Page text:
Anthems, Sonnets, and Chants
Recovering the African American Poetry of the 1930s
In the 1930s African Americans faced three distinct historical crises that impacted the lives of African Americans directly—the Great Depression, the existential-identity crisis, and the Italo-Ethiopian War, with its threat of a race war. A sizeable body of black poetry was produced in this decade, which captured the new modes of autonomy through which black Americans resisted these social calamities. Much of it, however, including the most influential protest poems, was dismissed as “romantic” by major, leftist critics and anthologists.
Anthems, Sonnets, and Chants: Recovering the African American Poetry of the 1930s, by Jon Woodson, uses social philology to unveil social discourse, self fashioning, and debates in poems gathered from anthologies, magazines, newspapers, and individual collections. The first chapter examines three long poems, finding overarching jeremiadic discourse that inaugurated a militant, politically aware agent. Chapter two examines self-fashioning in the numerous sonnets that responded to the new media of radio, newsreels, movies, and photo-magazines. The third chapter shows how new subjectivities were generated by poetry addressed to the threat of race war in which the white race was exterminated.
The black intellectuals who dominated the interpretative discourses of the 1930s fostered exteriority, while black culture as a whole plunged into interiority. Anthems, Sonnets, and Chants delineates the struggle between these inner and outer worlds, a study made difficult by a contemporary intellectual culture which recoils from a belief in a consistent, integrated self.
JON WOODSON is the Graduate Professor of English at Howard University, received his Ph.D. from Brown University. Woodson is a scholar and teacher of Modern American literature with interests in poetics, the novel, and the long poem. In 2006, Woodson was a visiting Fulbright lecturer in American Literature at the University of Pecs and at ELTE in Budapest. His articles have appeared in Obsidian II, African American Review, The Furious Flowering Of African American Poetry, The Dictionary of Literary Biography, Encyclopedia of the Harlem Renaissance, The Harlem Renaissance: a Gale Critical Companion, and The Oxford Companion to Women’s Writing. His critical studies are To Make a New Race: Gurdjieff, Toomer, and The Harlem Renaissance (1999) and A Study of Catch-22: Going Around Twice (2000). Anthems, Sonnets, and Chants: Recovering the African-American Poetry of the 1930s, Ohio State University Press 2011.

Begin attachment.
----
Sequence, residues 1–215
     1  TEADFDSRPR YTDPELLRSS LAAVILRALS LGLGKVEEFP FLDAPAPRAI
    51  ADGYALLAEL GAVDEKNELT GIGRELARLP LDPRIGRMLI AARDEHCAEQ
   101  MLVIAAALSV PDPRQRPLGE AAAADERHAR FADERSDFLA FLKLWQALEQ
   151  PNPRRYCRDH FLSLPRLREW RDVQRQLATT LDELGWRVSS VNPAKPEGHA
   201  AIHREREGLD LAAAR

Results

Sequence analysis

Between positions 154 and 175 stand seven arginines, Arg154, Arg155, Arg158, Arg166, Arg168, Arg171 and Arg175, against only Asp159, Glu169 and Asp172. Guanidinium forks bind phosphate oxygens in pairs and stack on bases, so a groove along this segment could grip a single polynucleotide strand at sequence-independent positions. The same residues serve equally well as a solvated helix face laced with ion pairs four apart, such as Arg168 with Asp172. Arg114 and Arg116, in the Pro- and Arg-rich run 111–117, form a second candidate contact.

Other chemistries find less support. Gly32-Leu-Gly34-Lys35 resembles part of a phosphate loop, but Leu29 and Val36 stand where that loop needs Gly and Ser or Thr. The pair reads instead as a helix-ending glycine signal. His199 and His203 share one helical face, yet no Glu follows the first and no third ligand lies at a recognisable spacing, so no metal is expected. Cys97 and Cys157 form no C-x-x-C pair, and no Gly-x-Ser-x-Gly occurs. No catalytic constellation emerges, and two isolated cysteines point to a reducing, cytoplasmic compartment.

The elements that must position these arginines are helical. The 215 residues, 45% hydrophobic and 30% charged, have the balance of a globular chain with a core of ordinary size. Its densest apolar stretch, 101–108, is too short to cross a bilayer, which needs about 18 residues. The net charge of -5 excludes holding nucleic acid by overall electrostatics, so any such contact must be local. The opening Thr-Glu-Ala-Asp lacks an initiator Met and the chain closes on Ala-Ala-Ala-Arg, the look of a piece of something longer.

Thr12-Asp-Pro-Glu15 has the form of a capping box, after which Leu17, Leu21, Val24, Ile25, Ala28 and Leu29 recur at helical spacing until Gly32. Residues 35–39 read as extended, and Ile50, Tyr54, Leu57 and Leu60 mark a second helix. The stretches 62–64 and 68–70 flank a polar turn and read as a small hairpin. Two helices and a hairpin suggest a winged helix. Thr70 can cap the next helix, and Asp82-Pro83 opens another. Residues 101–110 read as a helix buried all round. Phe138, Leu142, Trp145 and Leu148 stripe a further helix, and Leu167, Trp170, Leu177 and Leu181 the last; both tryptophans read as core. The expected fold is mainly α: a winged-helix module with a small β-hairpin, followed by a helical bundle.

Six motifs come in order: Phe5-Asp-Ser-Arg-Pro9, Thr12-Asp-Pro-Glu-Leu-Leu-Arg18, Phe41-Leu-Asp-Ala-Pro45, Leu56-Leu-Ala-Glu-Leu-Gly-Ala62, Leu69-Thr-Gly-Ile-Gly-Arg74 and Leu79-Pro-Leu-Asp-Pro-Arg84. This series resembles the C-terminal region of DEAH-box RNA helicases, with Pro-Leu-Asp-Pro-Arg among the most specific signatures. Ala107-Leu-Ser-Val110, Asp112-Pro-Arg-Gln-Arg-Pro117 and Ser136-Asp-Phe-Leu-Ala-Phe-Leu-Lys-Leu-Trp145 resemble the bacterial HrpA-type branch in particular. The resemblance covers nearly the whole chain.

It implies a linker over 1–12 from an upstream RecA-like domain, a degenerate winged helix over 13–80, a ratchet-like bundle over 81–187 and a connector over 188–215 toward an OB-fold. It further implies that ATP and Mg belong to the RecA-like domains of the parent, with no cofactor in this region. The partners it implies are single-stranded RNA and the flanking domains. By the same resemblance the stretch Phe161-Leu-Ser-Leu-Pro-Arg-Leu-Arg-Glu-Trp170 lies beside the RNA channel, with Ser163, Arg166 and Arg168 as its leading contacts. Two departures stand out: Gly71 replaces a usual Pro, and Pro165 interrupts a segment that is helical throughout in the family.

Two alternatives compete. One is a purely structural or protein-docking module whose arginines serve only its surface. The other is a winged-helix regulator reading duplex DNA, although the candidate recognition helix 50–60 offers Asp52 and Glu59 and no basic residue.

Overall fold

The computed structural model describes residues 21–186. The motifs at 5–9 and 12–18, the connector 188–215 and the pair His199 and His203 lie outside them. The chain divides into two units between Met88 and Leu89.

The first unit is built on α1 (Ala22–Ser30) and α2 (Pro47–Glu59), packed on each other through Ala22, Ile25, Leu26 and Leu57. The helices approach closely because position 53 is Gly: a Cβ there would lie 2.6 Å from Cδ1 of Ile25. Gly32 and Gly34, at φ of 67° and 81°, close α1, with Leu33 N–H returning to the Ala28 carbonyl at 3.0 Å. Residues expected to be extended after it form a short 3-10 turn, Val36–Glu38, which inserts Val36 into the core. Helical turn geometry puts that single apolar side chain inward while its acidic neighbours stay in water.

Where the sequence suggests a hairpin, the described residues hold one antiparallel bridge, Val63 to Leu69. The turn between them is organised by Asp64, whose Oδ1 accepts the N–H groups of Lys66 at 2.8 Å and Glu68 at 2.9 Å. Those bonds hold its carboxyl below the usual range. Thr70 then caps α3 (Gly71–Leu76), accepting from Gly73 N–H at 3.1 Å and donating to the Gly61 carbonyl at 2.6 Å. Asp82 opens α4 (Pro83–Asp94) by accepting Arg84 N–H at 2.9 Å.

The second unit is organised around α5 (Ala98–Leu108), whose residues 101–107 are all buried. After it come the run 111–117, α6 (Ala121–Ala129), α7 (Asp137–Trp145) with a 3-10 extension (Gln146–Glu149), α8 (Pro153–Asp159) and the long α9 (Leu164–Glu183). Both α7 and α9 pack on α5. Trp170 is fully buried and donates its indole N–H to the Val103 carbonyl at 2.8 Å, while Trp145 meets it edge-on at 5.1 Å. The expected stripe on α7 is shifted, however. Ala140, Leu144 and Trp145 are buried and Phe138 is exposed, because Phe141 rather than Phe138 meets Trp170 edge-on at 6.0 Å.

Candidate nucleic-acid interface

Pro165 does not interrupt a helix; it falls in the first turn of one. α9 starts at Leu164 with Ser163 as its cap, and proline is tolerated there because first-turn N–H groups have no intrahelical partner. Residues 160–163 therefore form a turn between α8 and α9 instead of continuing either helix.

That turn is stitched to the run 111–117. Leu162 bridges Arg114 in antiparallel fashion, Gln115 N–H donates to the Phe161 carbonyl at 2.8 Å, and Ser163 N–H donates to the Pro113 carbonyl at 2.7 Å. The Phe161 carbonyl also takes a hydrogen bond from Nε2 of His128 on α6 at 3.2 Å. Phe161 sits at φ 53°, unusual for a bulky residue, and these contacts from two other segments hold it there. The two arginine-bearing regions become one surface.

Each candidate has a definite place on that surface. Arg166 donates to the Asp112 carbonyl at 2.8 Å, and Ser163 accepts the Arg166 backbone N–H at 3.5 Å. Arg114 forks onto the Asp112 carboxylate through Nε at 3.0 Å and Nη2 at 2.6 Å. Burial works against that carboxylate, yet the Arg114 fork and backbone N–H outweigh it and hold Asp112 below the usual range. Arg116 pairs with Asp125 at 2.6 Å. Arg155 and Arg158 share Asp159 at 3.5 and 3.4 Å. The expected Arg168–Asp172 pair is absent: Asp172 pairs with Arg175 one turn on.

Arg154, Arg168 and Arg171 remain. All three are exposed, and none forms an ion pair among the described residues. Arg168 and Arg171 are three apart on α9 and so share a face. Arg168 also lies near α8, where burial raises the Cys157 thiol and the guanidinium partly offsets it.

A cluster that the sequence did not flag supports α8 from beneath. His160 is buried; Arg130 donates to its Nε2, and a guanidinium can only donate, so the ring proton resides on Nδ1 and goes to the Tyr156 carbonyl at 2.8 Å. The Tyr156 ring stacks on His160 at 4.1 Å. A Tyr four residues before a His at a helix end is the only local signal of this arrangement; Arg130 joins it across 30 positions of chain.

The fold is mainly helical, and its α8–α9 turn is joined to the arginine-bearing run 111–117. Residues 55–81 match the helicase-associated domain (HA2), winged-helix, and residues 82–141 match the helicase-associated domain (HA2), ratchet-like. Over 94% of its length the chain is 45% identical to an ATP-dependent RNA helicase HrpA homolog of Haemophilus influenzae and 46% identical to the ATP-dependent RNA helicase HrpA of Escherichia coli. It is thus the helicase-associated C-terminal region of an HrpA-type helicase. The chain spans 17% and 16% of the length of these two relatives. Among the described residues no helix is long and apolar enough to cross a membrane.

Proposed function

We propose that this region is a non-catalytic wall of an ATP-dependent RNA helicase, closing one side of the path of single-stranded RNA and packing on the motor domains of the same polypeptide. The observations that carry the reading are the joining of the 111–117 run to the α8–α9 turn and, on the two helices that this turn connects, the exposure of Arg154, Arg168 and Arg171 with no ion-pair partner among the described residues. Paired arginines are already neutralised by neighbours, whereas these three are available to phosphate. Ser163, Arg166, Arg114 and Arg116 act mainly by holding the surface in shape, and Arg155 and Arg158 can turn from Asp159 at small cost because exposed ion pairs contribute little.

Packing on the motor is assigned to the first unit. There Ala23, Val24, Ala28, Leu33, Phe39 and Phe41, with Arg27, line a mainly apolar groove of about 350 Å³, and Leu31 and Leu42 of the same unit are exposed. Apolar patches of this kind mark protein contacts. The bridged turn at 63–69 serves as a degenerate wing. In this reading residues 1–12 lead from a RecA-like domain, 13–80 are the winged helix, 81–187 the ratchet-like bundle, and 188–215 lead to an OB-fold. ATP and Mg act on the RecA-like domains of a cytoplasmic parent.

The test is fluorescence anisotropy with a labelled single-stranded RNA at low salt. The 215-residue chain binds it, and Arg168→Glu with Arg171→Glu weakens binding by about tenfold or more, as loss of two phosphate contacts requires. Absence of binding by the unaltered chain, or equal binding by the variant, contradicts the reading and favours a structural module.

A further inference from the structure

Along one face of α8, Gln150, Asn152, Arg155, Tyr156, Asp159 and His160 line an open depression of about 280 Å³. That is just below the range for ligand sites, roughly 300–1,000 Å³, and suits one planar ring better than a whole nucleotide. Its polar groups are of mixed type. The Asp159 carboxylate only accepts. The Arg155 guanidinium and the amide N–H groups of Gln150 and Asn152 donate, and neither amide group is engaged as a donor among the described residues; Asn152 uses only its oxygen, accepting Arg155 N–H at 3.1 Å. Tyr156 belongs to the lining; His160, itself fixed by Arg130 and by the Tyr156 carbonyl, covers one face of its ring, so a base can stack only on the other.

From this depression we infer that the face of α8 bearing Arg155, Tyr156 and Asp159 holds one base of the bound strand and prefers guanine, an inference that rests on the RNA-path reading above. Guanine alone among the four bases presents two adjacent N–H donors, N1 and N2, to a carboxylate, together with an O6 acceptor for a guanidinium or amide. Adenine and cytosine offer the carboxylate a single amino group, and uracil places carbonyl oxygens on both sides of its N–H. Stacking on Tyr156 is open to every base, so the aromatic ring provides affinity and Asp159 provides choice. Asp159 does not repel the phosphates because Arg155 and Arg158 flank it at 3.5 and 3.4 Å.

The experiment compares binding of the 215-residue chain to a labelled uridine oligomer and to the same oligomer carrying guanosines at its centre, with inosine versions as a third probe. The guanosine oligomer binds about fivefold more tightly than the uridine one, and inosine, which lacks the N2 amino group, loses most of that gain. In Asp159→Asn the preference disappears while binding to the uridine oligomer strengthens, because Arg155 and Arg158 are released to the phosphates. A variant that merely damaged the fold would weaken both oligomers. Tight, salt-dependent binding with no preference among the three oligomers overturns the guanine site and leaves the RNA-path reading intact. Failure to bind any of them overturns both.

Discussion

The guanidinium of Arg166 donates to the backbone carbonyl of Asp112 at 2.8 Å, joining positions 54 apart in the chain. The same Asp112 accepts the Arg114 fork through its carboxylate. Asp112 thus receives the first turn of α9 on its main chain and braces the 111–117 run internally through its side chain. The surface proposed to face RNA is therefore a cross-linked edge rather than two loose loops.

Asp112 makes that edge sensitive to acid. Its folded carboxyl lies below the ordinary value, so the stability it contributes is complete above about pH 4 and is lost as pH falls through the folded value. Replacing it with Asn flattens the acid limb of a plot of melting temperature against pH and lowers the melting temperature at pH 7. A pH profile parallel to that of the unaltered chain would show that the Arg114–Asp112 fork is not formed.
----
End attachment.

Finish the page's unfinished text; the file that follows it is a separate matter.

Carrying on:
Recent work is directed toward a study of the Egyptian materials in Z. N. Hurston’s fiction. Jon Woodson’s chapbook, Cage with a Live Mouth, has just been translated into Hungarian and is forthcoming in a bilingual edition. His poems have been published in Poet Lore, Northeast Journal, Arjuna Library, Baltimore City Paper, and Manzanita Quarterly. He has also published two chapbooks, I Slept Like Liquid Paper and Worry Dolls.